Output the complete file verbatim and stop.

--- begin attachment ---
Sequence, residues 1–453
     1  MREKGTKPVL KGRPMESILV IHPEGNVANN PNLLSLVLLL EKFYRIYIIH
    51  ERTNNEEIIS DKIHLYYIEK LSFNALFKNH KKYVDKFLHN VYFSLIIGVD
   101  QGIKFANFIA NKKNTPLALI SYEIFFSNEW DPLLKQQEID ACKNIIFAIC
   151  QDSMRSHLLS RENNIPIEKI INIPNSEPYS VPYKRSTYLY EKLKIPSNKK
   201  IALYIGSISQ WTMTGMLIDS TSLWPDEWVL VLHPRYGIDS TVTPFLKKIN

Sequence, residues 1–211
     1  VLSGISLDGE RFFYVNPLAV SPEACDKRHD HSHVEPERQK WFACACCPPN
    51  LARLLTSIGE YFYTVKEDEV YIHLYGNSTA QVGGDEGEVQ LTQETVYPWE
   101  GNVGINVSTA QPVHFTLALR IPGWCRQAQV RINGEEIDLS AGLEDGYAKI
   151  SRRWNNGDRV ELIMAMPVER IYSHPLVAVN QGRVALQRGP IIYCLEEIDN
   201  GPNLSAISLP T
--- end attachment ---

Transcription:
Sequence, residues 1–453
     1  MREKGTKPVL KGRPMESILV IHPEGNVANN PNLLSLVLLL EKFYRIYIIH
    51  ERTNNEEIIS DKIHLYYIEK LSFNALFKNH KKYVDKFLHN VYFSLIIGVD
   101  QGIKFANFIA NKKNTPLALI SYEIFFSNEW DPLLKQQEID ACKNIIFAIC
   151  QDSMRSHLLS RENNIPIEKI INIPNSEPYS VPYKRSTYLY EKLKIPSNKK
   201  IALYIGSISQ WTMTGMLIDS TSLWPDEWVL VLHPRYGIDS TVTPFLKKIN

Sequence, residues 1–211
     1  VLSGISLDGE RFFYVNPLAV SPEACDKRHD HSHVEPERQK WFACACCPPN
    51  LARLLTSIGE YFYTVKEDEV YIHLYGNSTA QVGGDEGEVQ LTQETVYPWE
   101  GNVGINVSTA QPVHFTLALR IPGWCRQAQV RINGEEIDLS AGLEDGYAKI
   151  SRRWNNGDRV ELIMAMPVER IYSHPLVAVN QGRVALQRGP IIYCLEEIDN
   201  GPNLSAISLP T